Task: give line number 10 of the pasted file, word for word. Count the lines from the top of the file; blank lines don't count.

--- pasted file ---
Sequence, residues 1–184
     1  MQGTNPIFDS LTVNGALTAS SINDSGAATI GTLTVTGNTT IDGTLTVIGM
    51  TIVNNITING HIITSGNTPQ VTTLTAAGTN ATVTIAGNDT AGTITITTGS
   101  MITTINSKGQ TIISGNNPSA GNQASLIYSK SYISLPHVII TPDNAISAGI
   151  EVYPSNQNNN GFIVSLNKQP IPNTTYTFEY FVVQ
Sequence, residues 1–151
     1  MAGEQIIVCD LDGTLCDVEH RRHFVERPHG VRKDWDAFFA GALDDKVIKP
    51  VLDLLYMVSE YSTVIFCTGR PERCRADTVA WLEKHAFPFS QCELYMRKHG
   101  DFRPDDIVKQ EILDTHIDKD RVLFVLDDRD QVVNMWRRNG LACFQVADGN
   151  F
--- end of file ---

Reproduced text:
   151  F